# Quadrant – Definition with Examples

## What Is Quadrant?

In its essence, mathematics is the study of finding relationships. From planets to atoms; abstract to detailed, mathematics helps us quantify everything. It makes us capable of understanding, analyzing, and predicting how all the known phenomena in our universe occur. And it’s not like we use some advanced level science for this, we just use … graphs.

We graph the past and present of a phenomenon into simple figures and draw insights to predict future outcomes, and the branch of mathematics that makes this feat possible is known as Coordinate Geometry. Over the course of this article; our gameplay will be to understand the most essential elements of coordinate geometry a.k.a The Coordinate Plane and its Quadrants.

In the cartesian system, the coordinate plane is divided into four equal parts by the intersection of the x-axis (the horizontal number line) and the y-axis (the vertical number line).

These four regions are called quadrants because they each represent one-quarter of the whole coordinate plane. They are denoted by Roman numerals and each of these quadrants have their own properties.

Quadrant I: The upper right quadrant is the first quadrant, denoted as Quadrant I. In this quadrant, the x-axis and the y-axis both have positive numbers.

Quadrant II: The upper left quadrant is the second quadrant, denoted as Quadrant II. In this quadrant, the x-axis has negative numbers and the y-axis has positive numbers.

Quadrant III: The bottom left quadrant is the third quadrant, denoted as Quadrant III. In this quadrant, both the x-axis and the y-axis have negative numbers.

Quadrant IV: The bottom right quadrant is the fourth quadrant, denoted as Quadrant IV. In this quadrant, the x-axis has positive numbers and the y-axis has negative numbers.

Note that the quadrants follow a counterclockwise order of naming.

## Locating Points on the Quadrants

The coordinate plane is called two-dimensional because anywhere on this plane where you can put your finger, the location of that point will need two things: its distance on the x-axis and its distance on the y-axis.

The left and the bottom part of the plane have negative x-axis and negative y-axis for negative integers. The point where the number lines intersect is called the origin.

Let’s see how the coordinate system works. We already know that any point on the coordinate plane has two aspects: distance from the x-axis and distance from the y-axis. Let’s look at this through an example. Let’s mark a random point on the plane and call it “P”.

Now start from this point and draw a straight line on the x-axis and another straight line for the y-axis like this:

So the location of P on the x-axis is 2 units and the location of P on the y-axis is 3 units. We denote the location of the point P as P(2,3) where (2,3) is called an ordered pair that denotes the position of P.

Every point on the coordinate plane is in the form of the ordered pair (x,y), where x and y are numbers that denote the position of the point with respect to the x-axis and the y-axis respectively. The origin is denoted by (0,0).

## Plotting Points

Let’s say we want to plot the point A(4,-3) on the coordinate plane.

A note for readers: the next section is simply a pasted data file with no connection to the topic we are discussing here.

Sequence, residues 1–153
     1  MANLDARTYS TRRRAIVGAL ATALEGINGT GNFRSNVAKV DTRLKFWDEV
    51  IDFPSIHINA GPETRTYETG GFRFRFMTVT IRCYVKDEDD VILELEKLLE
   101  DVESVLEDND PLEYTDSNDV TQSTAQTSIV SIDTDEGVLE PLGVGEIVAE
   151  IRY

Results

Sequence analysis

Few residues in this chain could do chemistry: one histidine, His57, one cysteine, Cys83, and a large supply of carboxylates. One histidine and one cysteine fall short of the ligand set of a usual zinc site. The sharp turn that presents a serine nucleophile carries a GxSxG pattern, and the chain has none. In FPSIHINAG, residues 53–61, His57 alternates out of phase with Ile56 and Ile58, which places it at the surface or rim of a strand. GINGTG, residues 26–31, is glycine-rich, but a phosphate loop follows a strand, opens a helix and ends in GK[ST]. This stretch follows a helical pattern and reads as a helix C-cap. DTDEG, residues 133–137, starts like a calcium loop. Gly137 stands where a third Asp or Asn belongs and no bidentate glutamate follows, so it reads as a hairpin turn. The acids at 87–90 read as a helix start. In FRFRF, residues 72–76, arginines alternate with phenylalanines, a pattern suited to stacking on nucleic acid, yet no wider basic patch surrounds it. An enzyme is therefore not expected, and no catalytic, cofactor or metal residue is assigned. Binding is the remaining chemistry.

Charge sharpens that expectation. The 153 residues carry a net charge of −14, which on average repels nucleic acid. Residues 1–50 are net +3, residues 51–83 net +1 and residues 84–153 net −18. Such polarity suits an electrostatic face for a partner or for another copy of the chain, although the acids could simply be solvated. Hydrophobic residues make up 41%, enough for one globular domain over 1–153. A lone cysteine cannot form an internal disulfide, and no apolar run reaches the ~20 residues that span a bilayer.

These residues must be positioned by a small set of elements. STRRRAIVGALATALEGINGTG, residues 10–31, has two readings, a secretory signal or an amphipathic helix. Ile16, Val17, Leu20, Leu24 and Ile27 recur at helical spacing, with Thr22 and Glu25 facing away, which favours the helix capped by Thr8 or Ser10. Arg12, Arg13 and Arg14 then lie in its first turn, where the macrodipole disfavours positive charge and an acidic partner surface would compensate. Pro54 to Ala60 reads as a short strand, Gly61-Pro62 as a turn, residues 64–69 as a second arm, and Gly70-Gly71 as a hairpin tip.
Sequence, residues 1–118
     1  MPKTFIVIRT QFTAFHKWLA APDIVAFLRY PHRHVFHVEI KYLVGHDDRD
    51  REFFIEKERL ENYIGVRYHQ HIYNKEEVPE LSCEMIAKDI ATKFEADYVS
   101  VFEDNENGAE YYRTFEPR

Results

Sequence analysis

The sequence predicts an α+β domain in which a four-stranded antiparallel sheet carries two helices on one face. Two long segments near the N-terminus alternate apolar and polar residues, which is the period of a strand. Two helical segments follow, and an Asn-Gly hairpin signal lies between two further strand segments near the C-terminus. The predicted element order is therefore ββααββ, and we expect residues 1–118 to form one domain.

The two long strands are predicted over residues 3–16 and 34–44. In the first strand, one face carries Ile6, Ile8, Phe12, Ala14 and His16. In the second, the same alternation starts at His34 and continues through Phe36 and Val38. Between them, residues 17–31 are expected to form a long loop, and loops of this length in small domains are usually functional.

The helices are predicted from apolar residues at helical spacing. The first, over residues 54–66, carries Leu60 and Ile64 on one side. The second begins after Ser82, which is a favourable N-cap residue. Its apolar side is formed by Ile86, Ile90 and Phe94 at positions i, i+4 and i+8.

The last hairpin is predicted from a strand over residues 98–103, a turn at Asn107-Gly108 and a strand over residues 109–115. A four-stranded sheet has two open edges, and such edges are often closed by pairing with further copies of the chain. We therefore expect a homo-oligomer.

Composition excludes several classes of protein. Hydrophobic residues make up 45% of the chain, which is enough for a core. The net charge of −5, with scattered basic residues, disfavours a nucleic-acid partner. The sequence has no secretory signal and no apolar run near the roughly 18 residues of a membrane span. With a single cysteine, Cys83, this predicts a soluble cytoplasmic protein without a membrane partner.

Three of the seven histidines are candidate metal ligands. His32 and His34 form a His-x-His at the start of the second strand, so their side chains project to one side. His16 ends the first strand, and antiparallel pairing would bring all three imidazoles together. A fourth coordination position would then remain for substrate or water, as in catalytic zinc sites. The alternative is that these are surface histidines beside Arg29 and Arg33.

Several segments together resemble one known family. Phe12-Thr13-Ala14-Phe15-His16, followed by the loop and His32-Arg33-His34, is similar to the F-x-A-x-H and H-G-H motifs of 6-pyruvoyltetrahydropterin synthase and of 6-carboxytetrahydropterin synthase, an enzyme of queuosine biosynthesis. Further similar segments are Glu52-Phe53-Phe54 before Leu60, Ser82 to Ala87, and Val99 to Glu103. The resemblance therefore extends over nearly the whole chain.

By looking at this point, we can see that its x-coordinate is positive and y-coordinate is negative. So this point would lie in Quadrant IV.
To plot this point on the coordinate plane, we will follow these steps:

Step 1: Identify the x-coordinate of the given point. In this case, it is 4.

Step 2: Start from the origin and move towards by 4 units on the positive x-axis.

Step 3: The y-coordinate in (4,-3) is -3, so we will start from this new point and move this point down until it faces -3 on the negative y-axis.

That’s all we have to do to plot a point on the coordinate plane.

Solved Examples

Example 1. Identify the quadrants in which each of the following points lie.

(i) (1,4)

(ii) (6,-3)

(iii) (-4,-4)

(iv) (-1,8)

(i) Quadrant I, because the x-coordinate and y-coordinate are both positive.

(ii) Quadrant IV, because the x-coordinate is positive and y-coordinate is negative.

(iii) Quadrant III, because the x-coordinate and y-coordinate are both negative.

(iv) Quadrant II, because the x-coordinate is negative and y-coordinate is positive.

Example 2. Give an example of a point that lies in Quadrant III.

In Quadrant III, the coordinates of the x-axis and y-axis are both negative. (-1, -3) is an example of a point in this quadrant.

Example 3. What quadrant is the origin in?

Ans:

The x-axis and the y-axis intersect at the origin denoted by (0,0) since both these numbers are non-negative; the origin is said to be a part of Quadrant I.

## Frequently Asked Questions

A quadrant is the region formed by the intersection of the x-axis and the y-axis on the coordinate plane.

The 4 quadrants are the regions formed by the intersection of the x-axis and the y-axis on the coordinate plane. Their characteristic features are given as follows:

• Quadrant I: Both x- and y-coordinates are positive.
• Quadrant II: The x-coordinate is negative and the y-coordinate is positive.
• Quadrant III:  Both x- and y-coordinates are positive
• Quadrant IV: The x-coordinate is positive and the y-coordinate is negative.

We start from the upper right quadrant and mark that as Quadrant l and move anticlockwise, marking each quadrant with Roman numerals: Quadrant ll, Quadrant lll, Quadrant IV.

The four quadrants meet at the intersection of the x- and y-axis, called the origin. The origin is denoted by (0,0).